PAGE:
Where: Math2300

Speaker: Jim Eisenberg (University of Oregon) -

Abstract: TBA

Where: Math2300

Speaker: Jacob Bernstein (JHU) -

Abstract: The entropy is a quantity introduced by Colding and Minicozzi and may be thought of as a rough measure of the geometric complexity of a hypersurface of Euclidean space. It is closely related to the mean curvature flow. On the one hand, the entropy controls the dynamics of the flow. On the other hand, the mean curvature flow may be used to study the entropy. In this talk I will survey some recent results with Lu Wang that show that hypersurfaces of low entropy really are simple.

Where: MATH2300

Speaker: Amitai Yuval (Jerusalem) -

Abstract: The space of positive Lagrangians in an almost Calabi-Yau manifold is an open set in the space of all Lagrangian submanifolds. A Hamiltonian isotopy class of positive Lagrangians admits a natural Riemannian metric, which gives rise to a notion of geodesics. The geodesic equation is a fully non-linear degenerate elliptic PDE, and it is not known yet whether the initial value problem and boundary problem have solutions in general.

We will talk about Hamiltonian classes of positive Lagrangians which are invariant under a Lie group Hamiltonian action. Such a Hamiltonian class is isometric to the corresponding class in the symplectic reduced space, which has a natural almost Calabi-Yau structure. We will show that when the symplectic reduced space is of real dimension 2, both the initial value problem and boundary problem have unique solutions. As examples, we will discuss Hamiltonian classes of symmetric positive Lagrangians in toric Calabi-Yau manifolds and Milnor fibers. As time permits, we will show as an application that in these cases, the Riemannian metric induces a metric space structure on every Hamiltonian isotopy class, and that the obtained metric spaces can be embedded isometrically in L^2 spaces.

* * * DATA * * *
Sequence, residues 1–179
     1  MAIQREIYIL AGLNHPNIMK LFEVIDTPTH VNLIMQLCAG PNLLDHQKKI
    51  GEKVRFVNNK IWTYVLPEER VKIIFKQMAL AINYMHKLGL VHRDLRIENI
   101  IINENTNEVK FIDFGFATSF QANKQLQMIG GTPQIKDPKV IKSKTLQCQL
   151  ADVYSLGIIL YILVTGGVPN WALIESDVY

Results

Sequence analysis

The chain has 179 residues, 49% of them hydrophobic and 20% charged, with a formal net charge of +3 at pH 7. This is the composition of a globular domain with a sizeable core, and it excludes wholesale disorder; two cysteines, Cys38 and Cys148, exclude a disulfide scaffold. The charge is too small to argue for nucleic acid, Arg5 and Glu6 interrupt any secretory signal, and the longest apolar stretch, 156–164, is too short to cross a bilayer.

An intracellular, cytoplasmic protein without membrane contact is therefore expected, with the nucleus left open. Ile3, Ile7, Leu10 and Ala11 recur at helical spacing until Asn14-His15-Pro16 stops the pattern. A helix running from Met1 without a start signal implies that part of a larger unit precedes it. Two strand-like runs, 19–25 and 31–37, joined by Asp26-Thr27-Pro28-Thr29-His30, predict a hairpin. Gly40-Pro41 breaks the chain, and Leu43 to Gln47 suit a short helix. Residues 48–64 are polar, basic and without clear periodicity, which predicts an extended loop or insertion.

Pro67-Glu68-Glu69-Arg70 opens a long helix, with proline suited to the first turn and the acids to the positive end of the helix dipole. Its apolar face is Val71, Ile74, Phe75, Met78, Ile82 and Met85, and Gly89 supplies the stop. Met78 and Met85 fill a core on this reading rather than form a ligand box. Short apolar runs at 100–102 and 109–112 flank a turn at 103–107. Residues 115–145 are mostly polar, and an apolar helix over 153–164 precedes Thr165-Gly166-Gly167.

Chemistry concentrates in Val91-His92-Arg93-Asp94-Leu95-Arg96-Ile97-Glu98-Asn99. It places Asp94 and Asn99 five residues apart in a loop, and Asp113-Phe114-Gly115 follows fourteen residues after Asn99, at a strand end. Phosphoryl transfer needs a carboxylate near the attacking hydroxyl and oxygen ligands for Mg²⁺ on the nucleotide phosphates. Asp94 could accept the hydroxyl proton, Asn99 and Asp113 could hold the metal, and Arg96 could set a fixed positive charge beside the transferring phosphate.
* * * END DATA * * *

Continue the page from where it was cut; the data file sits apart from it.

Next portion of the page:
Where: MATH2300

Speaker: Amitai Yuval (Jerusalem) -

Abstract: The space of positive Lagrangians in an almost Calabi-Yau manifold is an open set in the space of all Lagrangian submanifolds. A Hamiltonian isotopy class of positive Lagrangians admits a natural Riemannian metric, which gives rise to a notion of geodesics. The geodesic equation is a fully non-linear degenerate elliptic PDE, and it is not known yet whether the initial value problem and boundary problem have solutions in general.

We will talk about Hamiltonian classes of positive Lagrangians which are invariant under a Lie group Hamiltonian action. Such a Hamiltonian class is isometric to the corresponding class in the symplectic reduced space, which has a natural almost Calabi-Yau structure. We will show that when the symplectic reduced space is of real dimension 2, both the initial value problem and boundary problem have unique solutions. As examples, we will discuss Hamiltonian classes of symmetric positive Lagrangians in toric Calabi-Yau manifolds and Milnor fibers. As time permits, we will show as an application that in these cases, the Riemannian metric induces a metric space structure on every Hamiltonian isotopy class, and that the obtained metric spaces can be embedded isometrically in L^2 spaces.

Where: MATH2300

Speaker: Hans-Joachim Hein (UMD) -

Abstract: A Riemannian cone is a warped product space C = (0,infty) x L with metric g_C = dr^2 + r^2*g_L, where r denotes the standard coordinate on (0,infty) and (L, g_L) is some given closed Riemannian manifold called the link or cross-section of the cone. We say that (C, g_C) is a Calabi-Yau cone if the metric g_C is Ricci-flat Kahler. I will try to explain why people care about such cones and what you can do with them.